[Screen It]


(2016) (Denzel Washington, Chris Pratt) (PG-13)

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Western/Action: A disparate group of men join forces to take on a ruthless mining baron and his armed men who've taken over a small town.
It's 1879 and Rose Creek is a small town in the west that's been taken over by mining baron Bartholomew Bogue (PETER SARSGAARD) and his armed men. When they end up killing various residents, one of the new widows, Emma Cullen (HALEY BENNETT), wants righteousness but will take revenge. When she sees that warrant officer Chisolm (DENZEL WASHINGTON) is more than capable of getting his man and dealing with others, she offers to pay him everything she has for him to deal with the culprit. Chisholm's initially reluctant, but when he hears it's Bogue, he agrees and sets out to put together a small group of men for the job.

Among them is Josh Faraday (CHRIS PRATT), a poker player and dead shot; legendary former Civil War soldier Goodnight Robicheaux (ETHAN HAWKE) and his right-hand man, Billy Rocks (BYUNG-HUN LEE); former Indian fighter Jack Horne (VINCENT D'ONOFRIO); Mexican Vasquez (MANUEL GARCIA-RULFO) and Native American Red Harvest (MARTIN SENSMEIER).

They easily dispatch Bogue's small array of men in the town and allow the sheriff -- who's under Bogue's pay -- to deliver a message that they'll be there waiting for him and his men. As Bogue gathers a small army, the men do what they can to prepare themselves and the townsfolk for the battle that's to come.

OUR TAKE: 6 out of 10
Stop me if you've heard this one before. There's a small town in the middle of nowhere in the Old West. The townsfolk are all peaceful people, with some enjoying the local tavern and others the services of the local ladies of the night. Life's hard, but hey, somebody's got to keep pushing westward in America in hopes of a new life and freedom from the "big" cities back East.

But then in rides a villain so, well, villainous that the people drop their eyes and gaze down at the dusty dirt road below, the local sheriff realizes he's out-gunned and out-testosteroned and does nothing, and even the critters take cover. Makes no difference what his name is as he's nothing but bad news.

Someone finally takes a stand, but ends up dead, so one person goes out and finds a hired gun -- however initially reluctant -- to take on the bad guy, and his posse if he has one. Sound familiar? It should as that plot -- or some variation thereof -- has fueled many a western ever since the first actor donned a cowboy hat and six-shooter.

And if you're gonna get one, you might as well throw a few other unlikely heroes into the mix, right? That was the plot of "The Magnificent Seven," the 1960 John Sturges directed Western that featured an all-star cast of actors -- including Yul Brynner, Steve McQueen, Charles Bronson, Robert Vaughn, and James Coburn -- playing characters enlisted to deal with the lead villain (Eli Wallach) who periodically raids a Mexican village for food and supplies.

In today's world of remakes and reboots, I'm shocked it's taken someone so long to retool that film, but now it's happened with this week's release of the Western with the same name and similarly recognizable cast. Now before anyone gets their spurs all tangled up in protest, please recall that the original flick was itself a reimagining of "Seven Samurai" from six years earlier.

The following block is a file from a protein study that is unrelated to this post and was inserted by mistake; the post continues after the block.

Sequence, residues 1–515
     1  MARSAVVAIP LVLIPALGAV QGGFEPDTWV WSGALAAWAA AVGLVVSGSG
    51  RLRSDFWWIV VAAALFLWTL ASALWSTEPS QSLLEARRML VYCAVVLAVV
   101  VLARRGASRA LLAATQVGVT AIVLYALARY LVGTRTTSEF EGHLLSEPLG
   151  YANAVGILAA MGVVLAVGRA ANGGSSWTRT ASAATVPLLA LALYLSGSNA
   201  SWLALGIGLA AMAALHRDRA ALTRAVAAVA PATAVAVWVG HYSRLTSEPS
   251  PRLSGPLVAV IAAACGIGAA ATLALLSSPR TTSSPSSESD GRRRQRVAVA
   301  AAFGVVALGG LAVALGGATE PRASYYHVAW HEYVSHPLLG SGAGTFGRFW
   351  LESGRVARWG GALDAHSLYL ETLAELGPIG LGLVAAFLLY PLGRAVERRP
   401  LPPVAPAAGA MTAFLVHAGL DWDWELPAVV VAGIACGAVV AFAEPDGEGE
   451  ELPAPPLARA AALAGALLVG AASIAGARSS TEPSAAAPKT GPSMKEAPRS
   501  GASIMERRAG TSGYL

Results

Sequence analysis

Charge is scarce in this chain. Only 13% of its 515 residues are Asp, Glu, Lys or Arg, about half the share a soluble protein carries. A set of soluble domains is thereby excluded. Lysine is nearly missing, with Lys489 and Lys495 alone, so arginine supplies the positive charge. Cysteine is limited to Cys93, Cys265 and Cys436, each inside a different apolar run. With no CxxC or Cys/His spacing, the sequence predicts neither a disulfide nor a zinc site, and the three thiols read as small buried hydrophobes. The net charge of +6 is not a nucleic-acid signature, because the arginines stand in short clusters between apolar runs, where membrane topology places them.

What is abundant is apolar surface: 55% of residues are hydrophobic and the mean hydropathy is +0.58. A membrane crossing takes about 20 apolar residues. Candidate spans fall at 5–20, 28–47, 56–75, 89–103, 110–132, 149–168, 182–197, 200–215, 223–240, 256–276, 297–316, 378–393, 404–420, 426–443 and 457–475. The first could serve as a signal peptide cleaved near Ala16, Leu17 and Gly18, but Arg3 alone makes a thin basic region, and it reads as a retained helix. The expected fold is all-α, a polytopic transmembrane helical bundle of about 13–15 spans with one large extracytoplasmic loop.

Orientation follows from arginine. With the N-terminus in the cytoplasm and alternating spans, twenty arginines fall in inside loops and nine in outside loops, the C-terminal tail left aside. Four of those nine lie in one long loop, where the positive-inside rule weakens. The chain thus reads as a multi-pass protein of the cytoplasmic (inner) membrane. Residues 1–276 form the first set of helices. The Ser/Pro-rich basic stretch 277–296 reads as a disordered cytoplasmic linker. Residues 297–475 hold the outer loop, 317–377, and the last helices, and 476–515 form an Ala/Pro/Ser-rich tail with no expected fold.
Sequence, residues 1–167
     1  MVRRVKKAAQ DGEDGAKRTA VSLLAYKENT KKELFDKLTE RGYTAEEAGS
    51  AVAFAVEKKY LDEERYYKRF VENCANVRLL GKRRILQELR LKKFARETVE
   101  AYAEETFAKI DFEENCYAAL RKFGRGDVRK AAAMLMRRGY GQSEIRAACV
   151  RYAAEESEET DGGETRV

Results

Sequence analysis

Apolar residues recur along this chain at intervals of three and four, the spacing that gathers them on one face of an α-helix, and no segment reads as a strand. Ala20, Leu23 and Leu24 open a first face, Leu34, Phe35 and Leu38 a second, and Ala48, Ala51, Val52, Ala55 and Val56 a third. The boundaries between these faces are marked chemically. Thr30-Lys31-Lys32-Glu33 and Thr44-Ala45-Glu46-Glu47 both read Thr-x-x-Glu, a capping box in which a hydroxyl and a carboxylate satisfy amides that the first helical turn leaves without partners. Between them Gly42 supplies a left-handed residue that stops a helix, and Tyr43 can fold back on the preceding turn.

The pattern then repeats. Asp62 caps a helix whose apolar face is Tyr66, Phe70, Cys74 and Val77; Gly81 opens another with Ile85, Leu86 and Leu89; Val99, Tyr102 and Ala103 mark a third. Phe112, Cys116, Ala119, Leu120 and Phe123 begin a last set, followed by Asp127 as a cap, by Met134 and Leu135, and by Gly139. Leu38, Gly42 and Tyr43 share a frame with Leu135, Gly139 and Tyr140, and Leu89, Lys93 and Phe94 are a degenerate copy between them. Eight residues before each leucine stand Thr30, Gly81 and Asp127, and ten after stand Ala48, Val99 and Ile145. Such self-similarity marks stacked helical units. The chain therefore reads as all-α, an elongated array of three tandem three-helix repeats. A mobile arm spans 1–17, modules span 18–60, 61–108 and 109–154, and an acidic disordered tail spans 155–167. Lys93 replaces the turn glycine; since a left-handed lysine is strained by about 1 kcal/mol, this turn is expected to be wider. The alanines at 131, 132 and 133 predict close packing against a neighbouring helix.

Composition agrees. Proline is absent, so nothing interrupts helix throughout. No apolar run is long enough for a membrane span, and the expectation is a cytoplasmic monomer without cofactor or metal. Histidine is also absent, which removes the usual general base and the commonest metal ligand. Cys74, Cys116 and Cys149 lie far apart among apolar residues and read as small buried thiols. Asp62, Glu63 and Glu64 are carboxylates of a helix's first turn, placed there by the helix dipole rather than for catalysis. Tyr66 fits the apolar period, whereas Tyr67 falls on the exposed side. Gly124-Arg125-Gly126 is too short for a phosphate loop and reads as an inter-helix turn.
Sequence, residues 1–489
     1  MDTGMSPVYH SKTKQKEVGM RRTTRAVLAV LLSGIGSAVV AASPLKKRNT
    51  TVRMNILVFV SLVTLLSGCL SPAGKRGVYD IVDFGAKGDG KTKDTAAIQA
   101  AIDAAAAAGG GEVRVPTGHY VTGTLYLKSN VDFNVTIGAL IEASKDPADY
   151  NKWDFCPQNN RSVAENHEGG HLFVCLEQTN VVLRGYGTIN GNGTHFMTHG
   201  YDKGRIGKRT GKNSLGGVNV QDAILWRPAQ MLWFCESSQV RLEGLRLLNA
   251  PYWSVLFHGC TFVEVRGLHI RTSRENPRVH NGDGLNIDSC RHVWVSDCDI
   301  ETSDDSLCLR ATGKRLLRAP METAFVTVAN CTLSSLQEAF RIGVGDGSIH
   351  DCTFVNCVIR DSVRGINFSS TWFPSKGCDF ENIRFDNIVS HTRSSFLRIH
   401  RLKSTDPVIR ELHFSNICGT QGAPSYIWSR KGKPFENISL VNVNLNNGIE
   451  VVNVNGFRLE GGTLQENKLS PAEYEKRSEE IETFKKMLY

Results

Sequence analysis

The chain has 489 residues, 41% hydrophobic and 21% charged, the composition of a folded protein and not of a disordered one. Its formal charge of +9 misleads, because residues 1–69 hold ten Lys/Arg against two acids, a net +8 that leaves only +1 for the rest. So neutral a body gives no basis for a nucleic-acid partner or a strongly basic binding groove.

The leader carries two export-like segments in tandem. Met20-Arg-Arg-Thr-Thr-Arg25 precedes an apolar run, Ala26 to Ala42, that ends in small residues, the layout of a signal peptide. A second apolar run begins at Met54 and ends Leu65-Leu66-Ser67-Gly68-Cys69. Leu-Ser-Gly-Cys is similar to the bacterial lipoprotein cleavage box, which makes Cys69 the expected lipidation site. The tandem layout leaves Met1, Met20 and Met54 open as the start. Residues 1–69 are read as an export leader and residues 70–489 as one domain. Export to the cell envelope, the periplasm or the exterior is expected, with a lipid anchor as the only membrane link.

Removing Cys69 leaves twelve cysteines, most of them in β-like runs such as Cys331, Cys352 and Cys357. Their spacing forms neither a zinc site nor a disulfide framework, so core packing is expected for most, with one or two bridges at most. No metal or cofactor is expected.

While I'd prefer to see original films over such remakes, I was willing to give the flick a shot as I sat down for our press screening. After all, how could you go wrong with a movie featuring the likes of Denzel Washington, Chris Pratt, Ethan Hawke, and Vincent D'Onofrio among others?

With occasional Denzel collaborator Antoine Fuqua ("Training Day," "The Equalizer") in the director's seat and Nic Pizzolatto and Richard Wenk at the keyboard (I'm assuming they didn't peck this out on some old Sholes & Glidden manual typewriter), the plot follows the gist of the previous flick.

In short, a late 1870s Old West town has fallen under the control of a ruthless mining baron (Peter Sarsgaard) who inspires fear in the hearts and souls of all present. But when one man decides to take a stand and is gunned down as a result, his widow (Hayley Bennett) wants righteous but will take revenge. She then hires a warrant officer (Washington) who has no interest until he hears the name of her target.

He then sets out collecting the rest of his septet -- in standard one by one introductory fashion -- and they ride into town and easily dispatch the second tier players positioned there. They then send notice to the lead villain -- who's conveniently not around -- of their intentions to take back the small community and kill him should he return.

With a few days to go before he arrives with what's certainly going to be a small army, they train the locals to their best abilities in terms of defending themselves (cue the montages), all while having some downtime to drink, joke, chat and generally figure a few of them likely won't survive the pending hail of bullets that will start flying in the third act.

There's nothing here we haven't seen before (even throwing out the earlier film), but if you enjoy these sorts of offerings where less than clean-cut "heroes" take out the bad guys, you'll probably find some or all of this to your liking.

The acting is good, the action is decent (and kept at a PG-13 level due to far less blood than the far more abundant deaths via bullets, arrows, knives and so on would suggest), and there's enough comic relief to keep things entertaining. Certainly not magnificent, but decent enough for what it's trying to do and be, "The Magnificent Seven" rates as a 6 out of 10.

Reviewed September 12, 2016 / Posted September 23, 2016

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